Tina Wilson, a victim of sexual assault while serving in the US Navy, stands outside of her brother's home in Del City, Oklahoma, on January 31, 2019. (Photo: AP)
Reports of military sexual assaults jumped by 13 percent last year, but an anonymous survey of service members released Thursday suggests the problem is vastly larger.
The survey results found that more than 20,000 service members said they experienced some type of sexual assault, but only a third of those filed a formal report.
The survey number is about 37% higher than two years ago, when one was last done, fueling frustration within the department and outrage on Capitol Hill.
“I am tired of the statement I get over and over from the chain of command: ‘We got this, madam, we got this.’ You don’t have it!” Sen. Kirsten Gillibrand, a New York Democrat, shouted during a Senate Armed Services Committee confirmation hearing Thursday for Army Gen. James McConville. “You’re failing us.”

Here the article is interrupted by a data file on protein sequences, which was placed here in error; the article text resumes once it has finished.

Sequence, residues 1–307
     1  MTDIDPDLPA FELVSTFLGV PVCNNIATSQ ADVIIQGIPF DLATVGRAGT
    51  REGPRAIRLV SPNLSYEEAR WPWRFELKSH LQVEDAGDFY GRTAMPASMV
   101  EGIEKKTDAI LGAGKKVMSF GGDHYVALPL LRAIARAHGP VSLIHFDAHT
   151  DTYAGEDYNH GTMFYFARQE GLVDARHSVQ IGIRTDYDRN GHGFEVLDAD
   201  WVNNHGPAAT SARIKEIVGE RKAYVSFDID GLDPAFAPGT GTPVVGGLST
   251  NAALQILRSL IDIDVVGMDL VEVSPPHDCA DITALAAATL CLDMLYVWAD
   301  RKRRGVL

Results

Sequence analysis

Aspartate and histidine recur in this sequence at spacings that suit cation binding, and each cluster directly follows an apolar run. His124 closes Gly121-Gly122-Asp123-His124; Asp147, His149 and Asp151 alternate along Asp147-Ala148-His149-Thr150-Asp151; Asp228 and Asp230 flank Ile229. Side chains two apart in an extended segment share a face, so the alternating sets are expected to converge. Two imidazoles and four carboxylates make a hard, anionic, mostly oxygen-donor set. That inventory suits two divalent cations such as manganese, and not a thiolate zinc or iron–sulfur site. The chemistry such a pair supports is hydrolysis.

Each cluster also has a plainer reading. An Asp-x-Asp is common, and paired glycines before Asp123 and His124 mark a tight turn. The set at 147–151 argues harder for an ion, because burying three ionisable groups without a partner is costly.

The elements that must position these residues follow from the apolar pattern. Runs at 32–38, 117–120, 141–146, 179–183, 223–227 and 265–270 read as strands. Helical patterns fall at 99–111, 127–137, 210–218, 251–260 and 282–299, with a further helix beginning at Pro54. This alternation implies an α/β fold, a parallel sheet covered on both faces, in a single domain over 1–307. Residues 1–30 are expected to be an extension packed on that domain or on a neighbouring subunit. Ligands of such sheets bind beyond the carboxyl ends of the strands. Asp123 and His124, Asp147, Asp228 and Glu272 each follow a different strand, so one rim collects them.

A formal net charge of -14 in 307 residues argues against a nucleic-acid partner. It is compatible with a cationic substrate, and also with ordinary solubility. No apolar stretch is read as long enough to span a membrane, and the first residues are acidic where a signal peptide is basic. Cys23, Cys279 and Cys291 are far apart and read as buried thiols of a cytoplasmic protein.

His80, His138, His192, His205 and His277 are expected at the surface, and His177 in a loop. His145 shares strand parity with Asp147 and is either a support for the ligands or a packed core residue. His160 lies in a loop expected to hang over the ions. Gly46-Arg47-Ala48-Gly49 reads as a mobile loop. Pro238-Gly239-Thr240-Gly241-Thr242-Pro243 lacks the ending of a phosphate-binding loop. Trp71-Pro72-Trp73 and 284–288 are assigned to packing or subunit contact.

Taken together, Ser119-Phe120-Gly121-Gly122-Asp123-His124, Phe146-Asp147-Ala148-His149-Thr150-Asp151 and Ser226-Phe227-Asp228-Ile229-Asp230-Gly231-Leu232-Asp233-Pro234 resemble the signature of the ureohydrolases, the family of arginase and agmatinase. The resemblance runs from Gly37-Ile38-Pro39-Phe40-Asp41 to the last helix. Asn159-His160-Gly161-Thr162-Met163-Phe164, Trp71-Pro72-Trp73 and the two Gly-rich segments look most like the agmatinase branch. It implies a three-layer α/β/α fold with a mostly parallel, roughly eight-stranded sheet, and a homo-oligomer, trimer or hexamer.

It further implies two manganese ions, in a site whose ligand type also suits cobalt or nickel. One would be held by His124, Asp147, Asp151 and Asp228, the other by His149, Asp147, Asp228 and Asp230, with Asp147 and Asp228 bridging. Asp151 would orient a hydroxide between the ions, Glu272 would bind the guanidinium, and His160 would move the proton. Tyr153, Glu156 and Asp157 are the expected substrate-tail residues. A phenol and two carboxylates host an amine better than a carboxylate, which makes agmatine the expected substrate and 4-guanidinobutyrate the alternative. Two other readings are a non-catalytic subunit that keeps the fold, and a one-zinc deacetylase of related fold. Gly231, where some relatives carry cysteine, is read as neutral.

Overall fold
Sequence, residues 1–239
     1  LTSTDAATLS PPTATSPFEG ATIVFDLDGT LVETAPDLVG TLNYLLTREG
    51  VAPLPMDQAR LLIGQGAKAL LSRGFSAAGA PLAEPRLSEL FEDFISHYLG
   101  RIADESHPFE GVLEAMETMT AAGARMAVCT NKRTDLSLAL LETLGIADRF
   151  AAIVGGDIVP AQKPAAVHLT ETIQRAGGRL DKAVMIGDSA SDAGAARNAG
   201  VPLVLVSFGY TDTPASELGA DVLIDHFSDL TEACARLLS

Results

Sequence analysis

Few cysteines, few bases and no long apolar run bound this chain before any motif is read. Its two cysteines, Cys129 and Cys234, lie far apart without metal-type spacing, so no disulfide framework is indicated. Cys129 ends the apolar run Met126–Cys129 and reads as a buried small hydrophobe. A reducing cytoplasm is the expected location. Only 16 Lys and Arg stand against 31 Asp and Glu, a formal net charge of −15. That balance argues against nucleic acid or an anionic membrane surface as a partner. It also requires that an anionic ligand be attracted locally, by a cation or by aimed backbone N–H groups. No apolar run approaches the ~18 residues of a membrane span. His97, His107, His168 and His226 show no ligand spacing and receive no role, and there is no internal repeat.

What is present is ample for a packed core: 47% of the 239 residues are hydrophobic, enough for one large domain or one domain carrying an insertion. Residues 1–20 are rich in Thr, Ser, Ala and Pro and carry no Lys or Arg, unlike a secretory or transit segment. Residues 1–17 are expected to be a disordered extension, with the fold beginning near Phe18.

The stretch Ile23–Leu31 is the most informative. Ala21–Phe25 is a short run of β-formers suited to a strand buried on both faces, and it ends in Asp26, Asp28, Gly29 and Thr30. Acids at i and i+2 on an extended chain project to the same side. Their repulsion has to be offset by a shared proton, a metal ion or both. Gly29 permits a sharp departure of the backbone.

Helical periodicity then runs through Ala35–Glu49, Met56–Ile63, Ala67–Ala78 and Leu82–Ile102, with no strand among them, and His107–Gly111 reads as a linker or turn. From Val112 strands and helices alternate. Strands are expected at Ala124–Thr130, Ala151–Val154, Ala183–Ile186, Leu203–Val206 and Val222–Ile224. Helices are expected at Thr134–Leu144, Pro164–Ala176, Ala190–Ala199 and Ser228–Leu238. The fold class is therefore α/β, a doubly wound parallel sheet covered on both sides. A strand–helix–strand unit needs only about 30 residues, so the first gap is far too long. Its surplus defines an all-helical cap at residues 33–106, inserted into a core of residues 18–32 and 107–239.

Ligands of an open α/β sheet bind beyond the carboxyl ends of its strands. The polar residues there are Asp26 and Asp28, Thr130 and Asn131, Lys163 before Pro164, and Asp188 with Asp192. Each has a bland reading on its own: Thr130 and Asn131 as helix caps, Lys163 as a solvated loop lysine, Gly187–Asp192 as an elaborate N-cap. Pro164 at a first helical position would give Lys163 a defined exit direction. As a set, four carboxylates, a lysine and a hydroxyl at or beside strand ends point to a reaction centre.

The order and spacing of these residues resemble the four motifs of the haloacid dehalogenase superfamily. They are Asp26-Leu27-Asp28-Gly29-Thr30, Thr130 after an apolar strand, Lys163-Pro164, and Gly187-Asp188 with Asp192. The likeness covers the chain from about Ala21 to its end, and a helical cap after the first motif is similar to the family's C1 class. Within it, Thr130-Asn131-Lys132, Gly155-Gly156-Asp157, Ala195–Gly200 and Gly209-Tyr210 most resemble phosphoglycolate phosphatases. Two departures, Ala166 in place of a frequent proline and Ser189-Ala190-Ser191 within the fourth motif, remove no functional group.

McConville has been nominated to be the next chief of staff of the Army, and that service saw a spike of more than 18% in the number of sexual assault reports filed last year. The Marine Corp had the largest jump, at 23%, while the Navy saw a 7% increase and the Air Force was up by about 4%.
The Pentagon releases a report every year on the number of sexual assaults reported by troops. But because sexual assault is a highly underreported crime, the department sends out an anonymous survey every two years to get a clearer picture of the problem.
The increase in assaults has triggered another round of new Pentagon programs and initiatives to try to reduce misconduct.
Nate Galbreath, deputy director of the Pentagon’s Sexual Assault Prevention and Response Office, told reporters Thursday that the latest numbers are “disheartening and it personally makes me angry,” but he said he’s “not without hope.”
The survey found that young and junior enlisted women between 17 and 20 were most likely to experience sexual assault. In the vast majority of the cases the alleged perpetrator was a military man, often near the same rank as the victim and usually someone she knows.
Galbreath said the department has to reassess why prevention programs are not working as well with younger troops and adjust those efforts to better reach them. Programs that worked a few years ago, he said, are no longer effective.